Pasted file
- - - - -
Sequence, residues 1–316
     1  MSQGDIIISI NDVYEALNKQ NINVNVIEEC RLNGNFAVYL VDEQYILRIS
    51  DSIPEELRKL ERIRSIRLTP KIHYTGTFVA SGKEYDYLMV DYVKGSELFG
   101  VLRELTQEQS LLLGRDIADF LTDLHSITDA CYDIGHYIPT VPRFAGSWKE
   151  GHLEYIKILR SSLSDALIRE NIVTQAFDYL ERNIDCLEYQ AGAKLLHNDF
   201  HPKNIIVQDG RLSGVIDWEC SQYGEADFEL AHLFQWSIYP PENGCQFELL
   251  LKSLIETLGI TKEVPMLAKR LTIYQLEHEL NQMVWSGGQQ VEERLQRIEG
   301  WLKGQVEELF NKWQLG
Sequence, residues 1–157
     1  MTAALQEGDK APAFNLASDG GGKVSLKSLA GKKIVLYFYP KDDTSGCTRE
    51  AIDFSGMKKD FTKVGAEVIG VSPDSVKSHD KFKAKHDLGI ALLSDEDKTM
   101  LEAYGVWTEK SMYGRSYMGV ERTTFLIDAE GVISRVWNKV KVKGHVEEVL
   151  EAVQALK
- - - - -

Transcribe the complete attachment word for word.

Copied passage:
Sequence, residues 1–316
     1  MSQGDIIISI NDVYEALNKQ NINVNVIEEC RLNGNFAVYL VDEQYILRIS
    51  DSIPEELRKL ERIRSIRLTP KIHYTGTFVA SGKEYDYLMV DYVKGSELFG
   101  VLRELTQEQS LLLGRDIADF LTDLHSITDA CYDIGHYIPT VPRFAGSWKE
   151  GHLEYIKILR SSLSDALIRE NIVTQAFDYL ERNIDCLEYQ AGAKLLHNDF
   201  HPKNIIVQDG RLSGVIDWEC SQYGEADFEL AHLFQWSIYP PENGCQFELL
   251  LKSLIETLGI TKEVPMLAKR LTIYQLEHEL NQMVWSGGQQ VEERLQRIEG
   301  WLKGQVEELF NKWQLG
Sequence, residues 1–157
     1  MTAALQEGDK APAFNLASDG GGKVSLKSLA GKKIVLYFYP KDDTSGCTRE
    51  AIDFSGMKKD FTKVGAEVIG VSPDSVKSHD KFKAKHDLGI ALLSDEDKTM
   101  LEAYGVWTEK SMYGRSYMGV ERTTFLIDAE GVISRVWNKV KVKGHVEEVL
   151  EAVQALK